UV 101: A History of phototherapy, how it all began

Dr Niels Ryberg Finsen (1860-1904) was a Danish-Faroese Physician and Scientist. Diagnosed with Niemann-Pick disease, he was motivated to explore the scientific benefits of light. By 1893, his research led to the foundation of modern phototherapy. His laboratory work and clinical experiments successfully showed that rays of light such as red light and ultraviolet (UV) rays were effective in treating smallpox and lupus vulgaris respectively.

In 1903, Dr Niels Ryberg Finsen, founder of modern phototherapy, received the Nobel Prize in Physiology for the application of light in Medicine.



Back to the present, so how does Ultraviolet (UV) light kill germs?

Scientists and medical professionals have used UV light to kill germs and sanitize equipment for over a hundred years. The process is called Ultraviolet Germicidal Irradiation (UVGI).

On the electromagnetic spectrum, UV wavelengths are in between visible light and x-rays at the 100 nm to 400 nm range.

Absorbing light means absorbing energy - this is why objects get warm when exposed to the sun. When the DNA or RNA of a virus or bacterium absorbs energy from the UV radiation, it breaks down. This is known as a photolytic process. When the DNA or RNA is destroyed, the virus or bacterium is rendered inert and is no longer harmful.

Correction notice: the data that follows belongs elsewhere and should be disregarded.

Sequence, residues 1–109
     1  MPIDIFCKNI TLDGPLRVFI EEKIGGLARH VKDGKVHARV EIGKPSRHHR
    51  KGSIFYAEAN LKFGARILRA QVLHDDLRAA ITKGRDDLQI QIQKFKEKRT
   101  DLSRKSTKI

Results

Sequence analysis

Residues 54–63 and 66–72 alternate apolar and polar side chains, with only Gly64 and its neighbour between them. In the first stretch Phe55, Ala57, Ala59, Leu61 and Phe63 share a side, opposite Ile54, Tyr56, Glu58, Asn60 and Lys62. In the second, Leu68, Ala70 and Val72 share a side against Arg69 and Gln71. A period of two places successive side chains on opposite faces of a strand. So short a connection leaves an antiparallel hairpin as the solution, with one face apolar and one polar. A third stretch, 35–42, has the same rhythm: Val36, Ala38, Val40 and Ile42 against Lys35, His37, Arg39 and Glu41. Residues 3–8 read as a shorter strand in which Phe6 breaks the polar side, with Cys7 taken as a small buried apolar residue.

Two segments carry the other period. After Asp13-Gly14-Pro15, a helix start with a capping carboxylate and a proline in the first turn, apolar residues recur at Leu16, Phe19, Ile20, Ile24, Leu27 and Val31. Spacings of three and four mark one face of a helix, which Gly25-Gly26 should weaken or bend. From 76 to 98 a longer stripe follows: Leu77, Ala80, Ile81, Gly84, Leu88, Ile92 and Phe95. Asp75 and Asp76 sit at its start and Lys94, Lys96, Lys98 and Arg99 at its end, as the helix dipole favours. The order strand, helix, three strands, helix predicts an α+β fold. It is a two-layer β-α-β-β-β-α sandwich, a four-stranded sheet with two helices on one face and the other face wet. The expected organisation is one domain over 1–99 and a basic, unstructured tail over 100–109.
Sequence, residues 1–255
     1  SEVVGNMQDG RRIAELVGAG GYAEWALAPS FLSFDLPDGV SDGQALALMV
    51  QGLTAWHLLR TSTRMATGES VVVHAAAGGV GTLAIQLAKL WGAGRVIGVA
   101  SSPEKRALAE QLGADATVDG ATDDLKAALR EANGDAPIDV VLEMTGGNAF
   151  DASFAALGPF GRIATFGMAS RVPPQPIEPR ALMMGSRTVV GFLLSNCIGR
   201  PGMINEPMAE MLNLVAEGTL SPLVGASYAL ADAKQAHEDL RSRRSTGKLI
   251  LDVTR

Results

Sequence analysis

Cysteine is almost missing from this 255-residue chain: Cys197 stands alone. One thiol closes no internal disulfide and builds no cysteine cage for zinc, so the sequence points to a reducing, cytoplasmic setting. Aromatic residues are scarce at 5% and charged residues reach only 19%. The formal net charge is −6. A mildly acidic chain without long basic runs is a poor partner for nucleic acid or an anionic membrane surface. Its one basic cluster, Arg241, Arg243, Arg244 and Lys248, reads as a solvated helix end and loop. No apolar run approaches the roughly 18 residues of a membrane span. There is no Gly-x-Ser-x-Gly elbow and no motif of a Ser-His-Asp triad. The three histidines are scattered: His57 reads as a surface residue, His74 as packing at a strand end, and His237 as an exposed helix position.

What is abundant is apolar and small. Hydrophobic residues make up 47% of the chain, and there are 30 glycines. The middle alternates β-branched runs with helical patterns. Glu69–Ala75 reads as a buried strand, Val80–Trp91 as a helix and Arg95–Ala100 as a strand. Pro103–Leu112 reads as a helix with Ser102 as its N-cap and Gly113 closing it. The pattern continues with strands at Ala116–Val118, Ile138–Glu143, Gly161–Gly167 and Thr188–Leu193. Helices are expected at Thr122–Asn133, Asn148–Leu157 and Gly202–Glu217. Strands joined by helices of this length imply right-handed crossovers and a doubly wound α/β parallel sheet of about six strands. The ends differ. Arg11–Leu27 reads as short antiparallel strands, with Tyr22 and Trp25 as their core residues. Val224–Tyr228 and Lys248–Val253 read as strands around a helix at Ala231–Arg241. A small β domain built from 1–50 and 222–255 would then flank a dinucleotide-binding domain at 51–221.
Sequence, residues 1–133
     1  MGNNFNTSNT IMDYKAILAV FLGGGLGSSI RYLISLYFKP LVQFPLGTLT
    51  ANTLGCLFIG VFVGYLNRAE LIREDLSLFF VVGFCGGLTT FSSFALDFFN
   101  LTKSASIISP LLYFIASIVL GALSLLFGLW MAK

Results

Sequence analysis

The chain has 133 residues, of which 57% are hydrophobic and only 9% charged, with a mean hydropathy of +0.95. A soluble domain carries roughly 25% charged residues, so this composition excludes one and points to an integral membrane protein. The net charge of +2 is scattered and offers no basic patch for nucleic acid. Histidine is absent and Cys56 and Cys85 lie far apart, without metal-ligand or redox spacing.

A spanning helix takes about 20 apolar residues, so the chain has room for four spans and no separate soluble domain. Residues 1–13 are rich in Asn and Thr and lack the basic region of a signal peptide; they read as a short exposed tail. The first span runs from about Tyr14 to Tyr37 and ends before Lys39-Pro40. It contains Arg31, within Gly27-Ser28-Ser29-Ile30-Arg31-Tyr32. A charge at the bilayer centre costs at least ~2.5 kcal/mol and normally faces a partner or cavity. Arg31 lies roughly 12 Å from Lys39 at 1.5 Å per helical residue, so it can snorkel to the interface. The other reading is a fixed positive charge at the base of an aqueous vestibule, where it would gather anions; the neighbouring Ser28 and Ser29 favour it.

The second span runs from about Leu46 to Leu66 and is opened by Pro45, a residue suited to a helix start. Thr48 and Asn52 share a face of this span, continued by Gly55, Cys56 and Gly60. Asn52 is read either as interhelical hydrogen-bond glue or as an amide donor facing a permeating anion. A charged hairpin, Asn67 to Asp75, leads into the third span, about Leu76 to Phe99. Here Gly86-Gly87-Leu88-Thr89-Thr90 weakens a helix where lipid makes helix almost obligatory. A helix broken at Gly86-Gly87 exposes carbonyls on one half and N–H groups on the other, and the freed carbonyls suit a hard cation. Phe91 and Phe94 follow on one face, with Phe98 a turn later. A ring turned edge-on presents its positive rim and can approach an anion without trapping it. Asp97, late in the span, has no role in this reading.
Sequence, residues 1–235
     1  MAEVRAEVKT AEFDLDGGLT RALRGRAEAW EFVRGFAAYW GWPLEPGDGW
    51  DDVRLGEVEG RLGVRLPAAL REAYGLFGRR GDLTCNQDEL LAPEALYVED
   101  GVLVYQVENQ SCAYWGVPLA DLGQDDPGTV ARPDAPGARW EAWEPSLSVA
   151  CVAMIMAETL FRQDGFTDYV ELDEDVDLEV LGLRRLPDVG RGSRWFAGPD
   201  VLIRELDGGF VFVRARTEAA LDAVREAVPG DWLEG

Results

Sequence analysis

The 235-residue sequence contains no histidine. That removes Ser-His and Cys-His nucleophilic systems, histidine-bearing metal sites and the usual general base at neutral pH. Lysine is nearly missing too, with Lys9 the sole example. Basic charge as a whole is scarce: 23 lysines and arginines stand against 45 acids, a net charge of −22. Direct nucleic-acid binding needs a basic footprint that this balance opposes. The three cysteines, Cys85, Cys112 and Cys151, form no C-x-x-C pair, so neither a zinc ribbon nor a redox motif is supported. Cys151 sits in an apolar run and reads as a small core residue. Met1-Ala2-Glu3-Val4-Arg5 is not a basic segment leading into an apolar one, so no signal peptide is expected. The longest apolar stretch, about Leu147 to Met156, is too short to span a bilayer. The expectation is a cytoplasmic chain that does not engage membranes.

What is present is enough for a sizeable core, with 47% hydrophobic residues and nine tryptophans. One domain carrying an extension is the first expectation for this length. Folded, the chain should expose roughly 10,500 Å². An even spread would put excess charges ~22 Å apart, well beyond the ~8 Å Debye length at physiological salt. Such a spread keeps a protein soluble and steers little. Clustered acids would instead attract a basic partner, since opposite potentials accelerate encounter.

The UV-C Wavelength (250-280 nm)

Although the UV spectral range varies from 100-400 nm, the UVC spectrum (which is a narrow range between 260-285 nm), is strongly absorbed by nucleic acids of microorganisms, causing viruses and bacteria to disintegrate at the cellular level. It is therefore considered to be the optimal germicidal range, with 262nm referred to as the peak germicidal wavelength. When UV-C photons penetrate viruses and bacteria, this damages the nucleic acid, making them unable to reproduce, rendering them microbiologically inactive.

Niels Ryberg sterilizers have a UV wavelength of 260-280 nm, so we got you covered!

References & Further Reading

University of California - Santa Barbara. "Ultraviolet LEDs prove effective in eliminating coronavirus from surfaces and, potentially, air and water." ScienceDaily. ScienceDaily, 14 April 2020. <www.sciencedaily.com/releases/2020/04/200414173251.htm>.

Casini B, Tuvo B, Cristina ML, et al. Evaluation of an Ultraviolet C (UVC) Light-Emitting Device for Disinfection of High Touch Surfaces in Hospital Critical Areas. Int J Environ Res Public Health. 2019;16(19):3572. Published 2019 Sep 24. doi:10.3390/ijerph16193572